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Home  |  News  |  Microsoft, U.S. Marshals Shut Down Major Hacker Network

Microsoft, U.S. Marshals Shut Down Major Hacker Network
Wednesday, March 28, 2012

Seattle, WA (USA Today) -- Microsoft is receiving wide kudos for once again disrupting a major botnet.
Botnets are sprawling networks of infected Windows PCs manipulated by criminal gangs to steal from online banking accounts.
Working with U.S. Marshals and two financial services industry trade groups, the software giant on Friday orchestrated a surprise raid on two Internet hosting companies: Continuum Data Centers in Lombard, Ill., and BurstNet in Scranton, Pa.
Seized were two command-and-control servers used to send instructions to millions of infected PCs that are part of the massive Zeus botnet.
The raid came after Microsoft filed a civil lawsuit, partly under the Racketeer Influenced and Corrupt Organizations Act. The company has combined legal tactics with cyberforensics three other times since 2010 to shut down command-and-control servers used to direct large botnets.
"Microsoft has done the online world a great service by establishing a repeatable process and a legal framework for taking down botnets and bringing malware distributors to justice," says Stephen Cobb, security evangelist at anti-virus firm ESET.
Graham Cluley, researcher at tech security firm Sophos, says Microsoft has a profound self-interest in cleaning up the Internet.
"The last thing Microsoft wants is for the prevalence of malware to be a reason for people to purchase their next computer from Apple," he says.

Microsoft's lawsuit identifies 39 John Does, who use 65 different online aliases, and accuses them of controlling as many as 13 million infected PCs, using them to steal more than $100 million from online banking accounts.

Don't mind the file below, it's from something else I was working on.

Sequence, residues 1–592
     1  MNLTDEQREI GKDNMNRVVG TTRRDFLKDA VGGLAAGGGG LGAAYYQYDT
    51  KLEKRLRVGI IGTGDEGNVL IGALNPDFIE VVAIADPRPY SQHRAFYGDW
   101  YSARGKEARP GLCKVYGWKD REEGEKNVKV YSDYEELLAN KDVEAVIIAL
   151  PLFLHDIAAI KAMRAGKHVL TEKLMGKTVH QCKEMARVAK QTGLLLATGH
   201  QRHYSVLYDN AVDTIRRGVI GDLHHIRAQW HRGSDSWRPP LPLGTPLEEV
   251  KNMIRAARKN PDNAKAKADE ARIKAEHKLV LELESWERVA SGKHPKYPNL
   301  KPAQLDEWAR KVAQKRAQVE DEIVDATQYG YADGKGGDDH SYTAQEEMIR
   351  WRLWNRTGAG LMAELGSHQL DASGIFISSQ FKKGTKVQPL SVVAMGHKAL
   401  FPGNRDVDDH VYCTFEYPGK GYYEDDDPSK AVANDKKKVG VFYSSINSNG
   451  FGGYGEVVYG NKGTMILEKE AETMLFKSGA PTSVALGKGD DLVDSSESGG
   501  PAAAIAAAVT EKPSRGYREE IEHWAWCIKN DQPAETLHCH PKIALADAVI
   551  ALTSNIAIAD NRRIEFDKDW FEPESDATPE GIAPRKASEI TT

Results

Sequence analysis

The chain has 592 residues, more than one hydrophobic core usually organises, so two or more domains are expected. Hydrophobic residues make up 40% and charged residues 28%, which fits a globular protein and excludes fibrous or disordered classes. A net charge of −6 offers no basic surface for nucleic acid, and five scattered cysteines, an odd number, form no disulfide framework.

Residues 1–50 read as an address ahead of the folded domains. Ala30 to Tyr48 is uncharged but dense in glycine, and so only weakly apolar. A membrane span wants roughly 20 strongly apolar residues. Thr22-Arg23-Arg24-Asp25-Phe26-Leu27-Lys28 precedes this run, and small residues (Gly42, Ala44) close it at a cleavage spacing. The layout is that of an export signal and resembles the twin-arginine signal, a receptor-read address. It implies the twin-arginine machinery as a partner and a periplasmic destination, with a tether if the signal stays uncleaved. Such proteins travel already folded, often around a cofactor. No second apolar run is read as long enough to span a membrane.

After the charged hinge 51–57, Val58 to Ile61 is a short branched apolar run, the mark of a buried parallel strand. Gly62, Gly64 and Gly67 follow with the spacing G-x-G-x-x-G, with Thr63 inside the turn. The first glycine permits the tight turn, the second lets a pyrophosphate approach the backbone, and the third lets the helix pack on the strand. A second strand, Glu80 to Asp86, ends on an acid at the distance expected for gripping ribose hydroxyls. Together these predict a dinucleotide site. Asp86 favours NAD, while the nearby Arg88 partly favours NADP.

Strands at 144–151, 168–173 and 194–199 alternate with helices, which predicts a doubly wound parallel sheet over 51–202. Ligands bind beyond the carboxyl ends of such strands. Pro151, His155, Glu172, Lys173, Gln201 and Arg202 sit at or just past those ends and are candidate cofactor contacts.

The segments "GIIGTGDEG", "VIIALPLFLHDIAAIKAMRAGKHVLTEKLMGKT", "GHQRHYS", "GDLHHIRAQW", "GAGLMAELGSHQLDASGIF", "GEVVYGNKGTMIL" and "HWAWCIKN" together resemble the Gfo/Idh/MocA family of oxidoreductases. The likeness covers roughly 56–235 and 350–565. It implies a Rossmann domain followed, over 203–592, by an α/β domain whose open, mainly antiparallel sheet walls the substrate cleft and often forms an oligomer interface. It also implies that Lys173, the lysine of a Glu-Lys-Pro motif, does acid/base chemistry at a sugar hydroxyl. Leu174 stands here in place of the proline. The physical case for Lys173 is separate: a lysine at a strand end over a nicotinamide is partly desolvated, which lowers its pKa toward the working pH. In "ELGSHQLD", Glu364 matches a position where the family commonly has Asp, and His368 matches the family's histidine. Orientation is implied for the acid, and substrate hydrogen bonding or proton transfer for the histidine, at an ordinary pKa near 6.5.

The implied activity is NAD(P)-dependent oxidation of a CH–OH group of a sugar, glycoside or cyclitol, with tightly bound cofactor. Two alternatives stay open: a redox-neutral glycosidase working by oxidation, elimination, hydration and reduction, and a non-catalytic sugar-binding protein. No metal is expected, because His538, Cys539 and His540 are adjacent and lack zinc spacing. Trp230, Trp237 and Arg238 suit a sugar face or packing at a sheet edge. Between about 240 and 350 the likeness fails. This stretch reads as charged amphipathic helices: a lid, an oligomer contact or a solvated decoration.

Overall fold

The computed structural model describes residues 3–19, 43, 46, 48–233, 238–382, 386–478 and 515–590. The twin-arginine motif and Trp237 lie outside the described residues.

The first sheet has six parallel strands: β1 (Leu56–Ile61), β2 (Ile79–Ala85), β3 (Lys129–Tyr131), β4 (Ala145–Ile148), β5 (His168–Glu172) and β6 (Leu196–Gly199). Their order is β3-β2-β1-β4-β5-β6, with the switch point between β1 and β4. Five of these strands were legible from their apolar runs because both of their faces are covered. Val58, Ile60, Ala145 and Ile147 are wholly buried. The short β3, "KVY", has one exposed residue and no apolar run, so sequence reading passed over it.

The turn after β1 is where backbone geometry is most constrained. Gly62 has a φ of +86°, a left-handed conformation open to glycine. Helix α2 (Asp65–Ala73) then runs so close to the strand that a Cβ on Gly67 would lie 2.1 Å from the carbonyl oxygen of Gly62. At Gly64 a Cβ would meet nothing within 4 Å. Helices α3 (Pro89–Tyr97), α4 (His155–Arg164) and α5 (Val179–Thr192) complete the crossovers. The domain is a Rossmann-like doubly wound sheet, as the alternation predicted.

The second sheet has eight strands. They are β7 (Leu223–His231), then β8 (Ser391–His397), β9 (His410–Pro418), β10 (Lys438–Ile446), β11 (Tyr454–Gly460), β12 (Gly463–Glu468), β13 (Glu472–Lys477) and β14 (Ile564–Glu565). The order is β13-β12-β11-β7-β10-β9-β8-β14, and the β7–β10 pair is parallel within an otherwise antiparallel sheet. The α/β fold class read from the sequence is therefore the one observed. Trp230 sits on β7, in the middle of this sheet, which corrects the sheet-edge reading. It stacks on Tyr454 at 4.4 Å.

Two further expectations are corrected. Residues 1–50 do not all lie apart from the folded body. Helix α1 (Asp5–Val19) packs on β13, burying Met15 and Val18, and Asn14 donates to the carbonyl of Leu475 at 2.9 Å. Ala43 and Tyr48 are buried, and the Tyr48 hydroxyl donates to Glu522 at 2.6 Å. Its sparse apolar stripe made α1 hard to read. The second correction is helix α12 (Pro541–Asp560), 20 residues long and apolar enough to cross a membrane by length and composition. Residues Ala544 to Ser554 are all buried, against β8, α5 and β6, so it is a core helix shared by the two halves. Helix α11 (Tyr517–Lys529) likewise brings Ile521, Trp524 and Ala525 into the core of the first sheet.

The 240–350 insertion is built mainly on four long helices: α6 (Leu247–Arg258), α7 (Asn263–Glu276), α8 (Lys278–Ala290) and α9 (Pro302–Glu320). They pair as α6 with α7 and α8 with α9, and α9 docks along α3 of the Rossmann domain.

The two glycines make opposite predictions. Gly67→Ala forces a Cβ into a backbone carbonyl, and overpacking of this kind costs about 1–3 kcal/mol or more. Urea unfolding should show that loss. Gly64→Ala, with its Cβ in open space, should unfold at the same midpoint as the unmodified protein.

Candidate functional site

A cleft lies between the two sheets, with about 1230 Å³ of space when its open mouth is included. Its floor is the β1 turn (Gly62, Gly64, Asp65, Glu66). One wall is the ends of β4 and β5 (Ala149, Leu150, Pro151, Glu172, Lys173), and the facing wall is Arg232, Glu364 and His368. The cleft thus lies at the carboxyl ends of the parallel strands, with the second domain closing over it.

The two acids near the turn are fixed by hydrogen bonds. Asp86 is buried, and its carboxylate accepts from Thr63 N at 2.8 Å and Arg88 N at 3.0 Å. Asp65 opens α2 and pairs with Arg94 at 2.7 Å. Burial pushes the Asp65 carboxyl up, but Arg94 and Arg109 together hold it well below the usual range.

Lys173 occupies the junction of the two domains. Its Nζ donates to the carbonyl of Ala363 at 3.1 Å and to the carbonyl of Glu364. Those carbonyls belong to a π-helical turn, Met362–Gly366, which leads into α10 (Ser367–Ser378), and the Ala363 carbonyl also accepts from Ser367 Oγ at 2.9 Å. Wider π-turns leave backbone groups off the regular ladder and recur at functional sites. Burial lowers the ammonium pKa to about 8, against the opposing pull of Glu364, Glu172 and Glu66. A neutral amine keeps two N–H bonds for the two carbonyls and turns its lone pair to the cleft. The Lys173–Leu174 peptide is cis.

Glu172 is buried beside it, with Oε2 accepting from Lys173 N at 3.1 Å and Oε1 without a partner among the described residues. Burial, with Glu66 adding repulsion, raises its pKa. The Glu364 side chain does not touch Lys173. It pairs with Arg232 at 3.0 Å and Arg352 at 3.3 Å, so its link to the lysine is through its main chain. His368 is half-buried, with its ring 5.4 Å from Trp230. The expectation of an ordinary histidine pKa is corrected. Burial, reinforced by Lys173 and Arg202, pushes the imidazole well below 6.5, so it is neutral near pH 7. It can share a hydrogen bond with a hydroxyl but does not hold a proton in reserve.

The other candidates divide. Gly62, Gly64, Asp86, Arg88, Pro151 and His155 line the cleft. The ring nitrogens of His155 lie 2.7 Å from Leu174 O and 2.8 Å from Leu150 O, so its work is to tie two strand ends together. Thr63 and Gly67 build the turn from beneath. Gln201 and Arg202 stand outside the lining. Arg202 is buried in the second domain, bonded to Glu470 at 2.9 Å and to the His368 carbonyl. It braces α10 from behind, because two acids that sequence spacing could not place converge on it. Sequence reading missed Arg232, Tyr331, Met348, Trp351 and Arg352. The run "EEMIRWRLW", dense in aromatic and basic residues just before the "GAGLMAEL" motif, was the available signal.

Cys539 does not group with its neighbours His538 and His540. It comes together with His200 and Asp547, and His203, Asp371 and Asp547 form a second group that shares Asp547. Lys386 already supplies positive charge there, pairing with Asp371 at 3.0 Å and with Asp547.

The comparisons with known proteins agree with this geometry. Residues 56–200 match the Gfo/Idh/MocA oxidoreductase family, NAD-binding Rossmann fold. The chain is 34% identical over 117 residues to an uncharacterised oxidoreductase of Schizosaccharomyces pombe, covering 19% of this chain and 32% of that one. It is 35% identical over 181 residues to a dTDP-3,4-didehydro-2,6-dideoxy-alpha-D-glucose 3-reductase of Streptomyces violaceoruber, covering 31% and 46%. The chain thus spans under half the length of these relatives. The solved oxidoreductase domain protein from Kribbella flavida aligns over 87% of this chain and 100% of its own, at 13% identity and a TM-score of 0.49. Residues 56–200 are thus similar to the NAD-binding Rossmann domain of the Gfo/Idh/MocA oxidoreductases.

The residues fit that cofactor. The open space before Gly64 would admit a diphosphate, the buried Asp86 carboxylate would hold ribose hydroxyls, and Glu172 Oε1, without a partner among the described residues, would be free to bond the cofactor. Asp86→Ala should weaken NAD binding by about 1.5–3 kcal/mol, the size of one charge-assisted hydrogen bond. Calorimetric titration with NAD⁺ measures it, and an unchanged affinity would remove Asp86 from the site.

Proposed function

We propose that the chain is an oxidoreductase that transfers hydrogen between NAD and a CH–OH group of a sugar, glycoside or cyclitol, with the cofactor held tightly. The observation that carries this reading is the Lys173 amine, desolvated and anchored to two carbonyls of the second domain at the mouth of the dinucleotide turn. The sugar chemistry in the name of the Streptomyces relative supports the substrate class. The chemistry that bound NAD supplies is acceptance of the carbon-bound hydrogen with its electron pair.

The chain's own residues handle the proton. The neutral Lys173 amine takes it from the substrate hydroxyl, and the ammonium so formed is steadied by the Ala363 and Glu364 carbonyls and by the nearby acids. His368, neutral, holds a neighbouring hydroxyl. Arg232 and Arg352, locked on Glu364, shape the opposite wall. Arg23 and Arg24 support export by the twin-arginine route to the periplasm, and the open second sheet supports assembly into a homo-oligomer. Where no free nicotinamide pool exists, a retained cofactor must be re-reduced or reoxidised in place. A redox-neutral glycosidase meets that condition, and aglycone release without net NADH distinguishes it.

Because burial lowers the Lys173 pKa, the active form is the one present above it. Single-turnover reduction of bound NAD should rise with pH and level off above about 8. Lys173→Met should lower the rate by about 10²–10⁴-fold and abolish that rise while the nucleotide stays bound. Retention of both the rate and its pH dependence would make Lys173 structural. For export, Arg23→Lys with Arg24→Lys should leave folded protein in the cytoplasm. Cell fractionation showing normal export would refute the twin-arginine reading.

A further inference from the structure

"We expect this effort will significantly impact the cybercriminal underground for quite some time, but cybercrime, like all crime, will always be a societal challenge," says Richard Boscovich, senior attorney in charge of Microsoft's digital crimes unit.
Botnet gangs have hit small organizations that rely on Automated Clearing House (ACH) cash transfers - a service banks have integrated into their online banking accounts - especially hard.
Companies use ACH transfers to deposit salaries, pay suppliers and receive payments. Cybercriminals have perfected intricate systems to pull off fraudulent transfers.

The seized servers could help authorities pinpoint the identities of gang members named in the lawsuit, says Michael Sutton, research vice president at network security firm Zscaler.
"Microsoft should be applauded for expending considerable human and financial resources to at least put a dent in what has become one of the more prolific botnets out there."
By Byron Acohido, USA TODAY

Source: http://www.wltx.com/news/tech/article/181124/378/Microsoft-US-Marshals-Shut-Down-Major-Hacker-Network

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